I’ve been gone a while. And if you were to look in my drafts folder, you’ll see a dozen times I tried to come here to write, but I just couldn’t get the words out. Depression is a bad roommate that robs you when you aren’t looking. Mine robbed me of the joy I took in cooking, writing and photography.
But the other day in therapy I was talking about the last few weeks, about my foodie meetup potluck and all the bizarre foods I’ve tried and my therapist expressed genuine interest in hearing me talk about making Pico-style octopus for my friends and trying chicken feet for the first time, as well as my very first taste of Canada goose (yes, you read that right, Canada goose), an she asked me questions I was excited to answer about food and I realized that my passion is still there. Just numbed. Taking a break. In hiding. Food discovery and education is still something I love.
I mentioned I hated horseradish more than anything else in this world and that it shared the same chemical compound as wasabi, mustard and radishes (Allyl_isothiocyanate) and that the heat from those foods hits you in a totally different way than capsaicin from chili peppers and the piperine in black pepper and I felt excited to share this knowledge with her in a way I hadn’t felt in a while. I’m not even sure I’ve shared it here, so I’m doing it now! 🙂
As I stated above, I don’t really like mustard, but that doesn’t mean it isn’t an interesting or healthy food. In fact, mustard is very low calorie and virtually fat free, so it’s a great condiment for someone trying to lose weight. But what makes mustard, well, mustard?
At its most basic, mustard is nothing more than mustard seeds mixed with liquid, but the kind of liquid, and how much you crush the seeds has a lot to do with it. You could swallow mustard seeds whole without feeling the heat, but if you were to chew them, mixing them with your saliva, which is mostly water, it creates a chemical reaction, releasing an enzyme called myrosinase and glucosinolates like sinigrin, myrosin and sinalbin. The myrosinase converts the glucosinolates into isocyothyanates collectively known as mustard oil. The concentration of these mustard oils in a preparation of mustard seeds and liquid is what creates the different heat levels and flavors of mustard.
Mustard seeds come in three varieties: white/yellow, brown and black. The darker the color of the seeds the more pungent and spicy the mustard will be.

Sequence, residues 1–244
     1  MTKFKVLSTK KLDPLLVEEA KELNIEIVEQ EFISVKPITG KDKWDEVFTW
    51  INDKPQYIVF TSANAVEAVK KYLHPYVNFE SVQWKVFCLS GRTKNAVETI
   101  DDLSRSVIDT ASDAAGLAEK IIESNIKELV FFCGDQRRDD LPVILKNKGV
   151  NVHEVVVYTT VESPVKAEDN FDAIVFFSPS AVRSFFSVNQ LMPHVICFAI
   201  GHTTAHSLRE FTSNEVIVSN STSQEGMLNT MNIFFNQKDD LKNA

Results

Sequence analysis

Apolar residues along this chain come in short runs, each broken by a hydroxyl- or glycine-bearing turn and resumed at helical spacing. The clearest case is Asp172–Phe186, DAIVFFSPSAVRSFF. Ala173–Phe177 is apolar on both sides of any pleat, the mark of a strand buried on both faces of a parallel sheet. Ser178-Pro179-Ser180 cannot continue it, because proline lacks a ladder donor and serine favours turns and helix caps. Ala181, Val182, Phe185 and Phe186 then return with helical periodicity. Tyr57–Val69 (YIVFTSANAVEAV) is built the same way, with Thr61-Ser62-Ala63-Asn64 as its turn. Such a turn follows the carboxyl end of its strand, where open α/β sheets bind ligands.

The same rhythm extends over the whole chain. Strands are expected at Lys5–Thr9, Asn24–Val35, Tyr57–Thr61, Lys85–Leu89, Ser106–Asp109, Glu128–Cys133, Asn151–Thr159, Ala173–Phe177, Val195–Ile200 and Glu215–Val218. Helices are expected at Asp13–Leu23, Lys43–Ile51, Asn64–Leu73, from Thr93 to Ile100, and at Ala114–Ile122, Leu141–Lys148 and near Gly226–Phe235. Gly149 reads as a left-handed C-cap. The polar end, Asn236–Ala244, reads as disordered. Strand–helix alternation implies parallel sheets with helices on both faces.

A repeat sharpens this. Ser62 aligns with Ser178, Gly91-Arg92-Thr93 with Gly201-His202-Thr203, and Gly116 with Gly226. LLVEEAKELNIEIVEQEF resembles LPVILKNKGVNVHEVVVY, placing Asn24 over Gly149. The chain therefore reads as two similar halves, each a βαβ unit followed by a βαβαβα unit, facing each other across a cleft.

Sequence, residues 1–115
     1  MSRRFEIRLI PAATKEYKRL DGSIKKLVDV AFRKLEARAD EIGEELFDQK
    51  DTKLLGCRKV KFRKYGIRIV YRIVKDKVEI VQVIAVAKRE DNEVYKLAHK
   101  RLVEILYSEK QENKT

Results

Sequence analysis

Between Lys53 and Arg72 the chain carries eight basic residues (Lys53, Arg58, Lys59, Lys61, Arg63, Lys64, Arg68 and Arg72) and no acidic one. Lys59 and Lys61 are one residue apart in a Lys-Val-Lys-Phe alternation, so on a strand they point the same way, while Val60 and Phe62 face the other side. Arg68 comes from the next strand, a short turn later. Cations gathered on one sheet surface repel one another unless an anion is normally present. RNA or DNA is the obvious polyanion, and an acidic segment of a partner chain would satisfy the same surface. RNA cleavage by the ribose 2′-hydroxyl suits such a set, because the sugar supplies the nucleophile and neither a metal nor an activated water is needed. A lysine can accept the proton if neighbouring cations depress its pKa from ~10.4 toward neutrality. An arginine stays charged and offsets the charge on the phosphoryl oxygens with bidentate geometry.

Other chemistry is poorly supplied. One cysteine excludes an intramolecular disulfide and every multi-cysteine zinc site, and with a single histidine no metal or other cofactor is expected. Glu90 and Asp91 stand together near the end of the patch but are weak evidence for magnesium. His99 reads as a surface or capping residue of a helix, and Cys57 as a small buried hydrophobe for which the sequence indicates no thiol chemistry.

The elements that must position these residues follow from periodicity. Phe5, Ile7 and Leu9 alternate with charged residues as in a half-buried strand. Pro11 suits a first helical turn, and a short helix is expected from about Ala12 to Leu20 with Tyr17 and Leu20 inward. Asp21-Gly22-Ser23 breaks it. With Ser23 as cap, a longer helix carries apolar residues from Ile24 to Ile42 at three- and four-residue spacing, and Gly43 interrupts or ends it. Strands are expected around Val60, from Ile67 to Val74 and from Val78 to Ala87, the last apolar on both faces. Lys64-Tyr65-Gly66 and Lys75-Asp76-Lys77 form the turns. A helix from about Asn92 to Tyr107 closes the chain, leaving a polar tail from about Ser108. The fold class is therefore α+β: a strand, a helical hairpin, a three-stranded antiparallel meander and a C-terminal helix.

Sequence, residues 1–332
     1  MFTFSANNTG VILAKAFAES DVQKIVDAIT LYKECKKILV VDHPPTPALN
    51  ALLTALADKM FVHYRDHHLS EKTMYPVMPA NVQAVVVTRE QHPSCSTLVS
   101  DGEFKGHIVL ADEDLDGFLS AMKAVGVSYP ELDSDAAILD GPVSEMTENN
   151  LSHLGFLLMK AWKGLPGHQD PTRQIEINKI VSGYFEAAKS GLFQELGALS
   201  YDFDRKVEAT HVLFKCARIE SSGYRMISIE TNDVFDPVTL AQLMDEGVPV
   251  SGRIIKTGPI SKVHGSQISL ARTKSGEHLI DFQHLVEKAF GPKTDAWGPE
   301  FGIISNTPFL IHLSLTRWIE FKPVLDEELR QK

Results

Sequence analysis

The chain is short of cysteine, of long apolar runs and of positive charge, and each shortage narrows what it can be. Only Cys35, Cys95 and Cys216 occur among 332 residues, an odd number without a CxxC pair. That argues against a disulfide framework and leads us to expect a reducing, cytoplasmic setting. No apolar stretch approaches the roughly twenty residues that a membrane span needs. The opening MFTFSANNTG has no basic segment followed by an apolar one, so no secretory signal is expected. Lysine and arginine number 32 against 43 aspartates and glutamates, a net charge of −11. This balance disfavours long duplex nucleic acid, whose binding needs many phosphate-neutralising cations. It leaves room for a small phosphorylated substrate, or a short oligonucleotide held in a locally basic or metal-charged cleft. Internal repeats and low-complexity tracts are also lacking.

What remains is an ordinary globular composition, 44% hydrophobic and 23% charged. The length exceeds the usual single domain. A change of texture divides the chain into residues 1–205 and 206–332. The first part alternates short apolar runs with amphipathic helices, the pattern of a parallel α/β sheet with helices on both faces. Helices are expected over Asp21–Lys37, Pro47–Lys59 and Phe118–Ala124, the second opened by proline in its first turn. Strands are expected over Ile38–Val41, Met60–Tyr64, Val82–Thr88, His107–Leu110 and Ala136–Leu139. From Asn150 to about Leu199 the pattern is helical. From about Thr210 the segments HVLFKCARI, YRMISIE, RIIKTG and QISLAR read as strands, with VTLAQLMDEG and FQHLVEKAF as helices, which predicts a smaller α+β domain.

The simplest preparation of mustard is mixing crushed mustard seeds with cold water. This creates a very pungent, spicy mustard with peak heat at around 15 minutes after mixing. The heat of the mustard will fall off over time, unless the addition of an acid, usually vinegar in American-style mustard. Acid slows the burn and stabilizes it so it lasts longer. Here’s a quick primer on types of mustard:
Yellow mustard seeds + turmeric + vinegar + water + other spices = clean, sharp, mild mustard flavor in a very smooth texture
Spicy Brown Mustard (Deli Mustard)
Brown mustard seeds (with bran left on) + less vinegar + water = nose scorching heat and coarser texture that stands up to bold meats like pastrami
Brown and/or black mustard seeds + lower acidity white wine = sharp and strong flavor with a super smooth texture
Whole Grain Mustard
Barely crushed brown and/or black mustard seeds + lower acidity white wine = a coarse texture with a little punch
Hot Mustard (Chinese Hot Mustard & English Mustard)
Powdered brown or black mustard seeds + cold water mixed in 15 minutes before eating = super hot, pungent mustard that loses intensity quickly over time
Mustard hits you in the sinuses with its heat and dissipates quickly, unlike chile peppers, which hit you more in the throat, build over time and are slower to “cool”.
If you like your mustard with a real kick, buy it in small quantities and use it quickly, or better yet, make it yourself!
What’s your favorite variety of mustard? (Mine’s whole grain.) Let me know in the comments below!